But we aren’t just a normal cafe space. We want to give back to the community, as well, through using our hairstyling space to give the homeless free haircuts and eventually enable those coming out of prison or off the streets to learn a skill and hold down a job. Whenever one of us brings in somebody off the streets to talk more deeply, they get free coffee. Eventually we hope to use the outside wall of the shop to teach graffiti workshops so the youth have something to do other than sell drugs or play on smartphones. And more than anything, we want everyone who walks through the doors to encounter Jesus Christ.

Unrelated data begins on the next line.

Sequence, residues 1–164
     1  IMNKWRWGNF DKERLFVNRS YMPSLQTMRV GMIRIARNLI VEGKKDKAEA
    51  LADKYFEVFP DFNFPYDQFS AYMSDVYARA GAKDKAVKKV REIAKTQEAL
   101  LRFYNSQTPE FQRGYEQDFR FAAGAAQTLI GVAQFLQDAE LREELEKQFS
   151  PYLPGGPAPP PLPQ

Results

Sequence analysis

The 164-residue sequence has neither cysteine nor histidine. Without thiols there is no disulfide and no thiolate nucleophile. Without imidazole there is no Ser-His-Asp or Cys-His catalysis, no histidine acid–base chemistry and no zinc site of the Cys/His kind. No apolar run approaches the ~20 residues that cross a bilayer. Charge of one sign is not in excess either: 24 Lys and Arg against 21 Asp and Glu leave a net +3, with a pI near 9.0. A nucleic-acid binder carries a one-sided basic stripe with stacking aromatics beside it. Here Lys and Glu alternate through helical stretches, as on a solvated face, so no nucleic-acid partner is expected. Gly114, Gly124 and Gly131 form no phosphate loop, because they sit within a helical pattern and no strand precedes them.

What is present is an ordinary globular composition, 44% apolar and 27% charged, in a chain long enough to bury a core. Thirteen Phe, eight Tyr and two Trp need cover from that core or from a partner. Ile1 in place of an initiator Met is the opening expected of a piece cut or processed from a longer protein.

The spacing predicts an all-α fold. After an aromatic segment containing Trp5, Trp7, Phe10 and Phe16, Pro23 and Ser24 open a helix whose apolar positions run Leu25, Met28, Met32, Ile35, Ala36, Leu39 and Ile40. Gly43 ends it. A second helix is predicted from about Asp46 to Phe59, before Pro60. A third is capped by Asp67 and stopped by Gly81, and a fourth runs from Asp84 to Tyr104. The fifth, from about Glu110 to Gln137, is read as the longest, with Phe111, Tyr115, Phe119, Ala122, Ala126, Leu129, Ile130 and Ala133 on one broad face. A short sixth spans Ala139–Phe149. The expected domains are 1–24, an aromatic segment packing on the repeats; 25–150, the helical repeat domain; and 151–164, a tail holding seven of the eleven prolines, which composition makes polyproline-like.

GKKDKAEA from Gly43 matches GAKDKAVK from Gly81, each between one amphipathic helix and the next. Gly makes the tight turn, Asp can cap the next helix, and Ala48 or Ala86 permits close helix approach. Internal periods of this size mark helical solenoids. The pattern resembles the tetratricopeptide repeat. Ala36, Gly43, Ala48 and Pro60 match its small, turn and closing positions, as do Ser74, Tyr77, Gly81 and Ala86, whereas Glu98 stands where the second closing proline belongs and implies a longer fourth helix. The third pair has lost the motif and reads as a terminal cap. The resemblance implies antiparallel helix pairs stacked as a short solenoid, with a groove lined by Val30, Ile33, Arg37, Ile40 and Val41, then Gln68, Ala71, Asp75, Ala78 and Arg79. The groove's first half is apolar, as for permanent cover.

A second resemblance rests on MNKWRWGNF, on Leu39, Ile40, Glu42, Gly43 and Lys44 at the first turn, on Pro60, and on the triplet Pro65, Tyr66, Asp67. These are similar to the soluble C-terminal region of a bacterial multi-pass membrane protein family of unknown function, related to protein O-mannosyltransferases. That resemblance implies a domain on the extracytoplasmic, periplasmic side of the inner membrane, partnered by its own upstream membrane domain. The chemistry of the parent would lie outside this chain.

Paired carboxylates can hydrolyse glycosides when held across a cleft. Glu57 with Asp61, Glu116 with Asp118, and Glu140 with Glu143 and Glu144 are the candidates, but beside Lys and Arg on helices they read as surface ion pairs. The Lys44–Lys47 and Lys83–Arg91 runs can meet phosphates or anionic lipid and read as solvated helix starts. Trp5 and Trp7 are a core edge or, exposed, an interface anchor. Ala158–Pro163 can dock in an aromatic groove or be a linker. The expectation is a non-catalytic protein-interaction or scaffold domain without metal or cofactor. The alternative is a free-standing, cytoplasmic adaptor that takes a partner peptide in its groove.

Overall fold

The view from outside our shop, looking in.

Liz making coffee on opening night.

So would you please pray for us, family? We’re in a whole new game here in the business world. We need favour with the borough council, because they aren’t keen with what we’ve done to the outside of the place. Our hot water boiler has also just broken (turns out it was 15-20 years old), and it will take around £6000 to replace. We’re also keen to build up regular customers so that we can have deep relationships with them and disciple them as they meet Jesus. Basically, this is an all new endeavour, and we need a lot of wisdom from God on top of His grace.

And thank you, as well, for the prayer that you spend on us. Thank you for your faithfulness. We see the fruits of it here in London.

and finally, me!